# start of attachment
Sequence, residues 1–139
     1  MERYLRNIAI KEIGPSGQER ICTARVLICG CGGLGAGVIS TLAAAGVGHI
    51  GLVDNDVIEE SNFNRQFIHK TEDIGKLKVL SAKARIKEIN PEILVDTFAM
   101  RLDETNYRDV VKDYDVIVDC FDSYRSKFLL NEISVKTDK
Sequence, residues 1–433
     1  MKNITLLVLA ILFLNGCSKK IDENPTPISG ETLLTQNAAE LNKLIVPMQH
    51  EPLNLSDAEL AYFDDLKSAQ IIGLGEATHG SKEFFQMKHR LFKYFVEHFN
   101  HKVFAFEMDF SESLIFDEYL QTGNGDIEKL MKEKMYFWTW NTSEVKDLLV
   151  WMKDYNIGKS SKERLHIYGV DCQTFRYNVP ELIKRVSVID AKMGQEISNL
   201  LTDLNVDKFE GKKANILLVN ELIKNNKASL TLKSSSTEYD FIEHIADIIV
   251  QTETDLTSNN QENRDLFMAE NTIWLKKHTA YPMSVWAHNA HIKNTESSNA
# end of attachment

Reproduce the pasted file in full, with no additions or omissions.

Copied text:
Sequence, residues 1–139
     1  MERYLRNIAI KEIGPSGQER ICTARVLICG CGGLGAGVIS TLAAAGVGHI
    51  GLVDNDVIEE SNFNRQFIHK TEDIGKLKVL SAKARIKEIN PEILVDTFAM
   101  RLDETNYRDV VKDYDVIVDC FDSYRSKFLL NEISVKTDK
Sequence, residues 1–433
     1  MKNITLLVLA ILFLNGCSKK IDENPTPISG ETLLTQNAAE LNKLIVPMQH
    51  EPLNLSDAEL AYFDDLKSAQ IIGLGEATHG SKEFFQMKHR LFKYFVEHFN
   101  HKVFAFEMDF SESLIFDEYL QTGNGDIEKL MKEKMYFWTW NTSEVKDLLV
   151  WMKDYNIGKS SKERLHIYGV DCQTFRYNVP ELIKRVSVID AKMGQEISNL
   201  LTDLNVDKFE GKKANILLVN ELIKNNKASL TLKSSSTEYD FIEHIADIIV
   251  QTETDLTSNN QENRDLFMAE NTIWLKKHTA YPMSVWAHNA HIKNTESSNA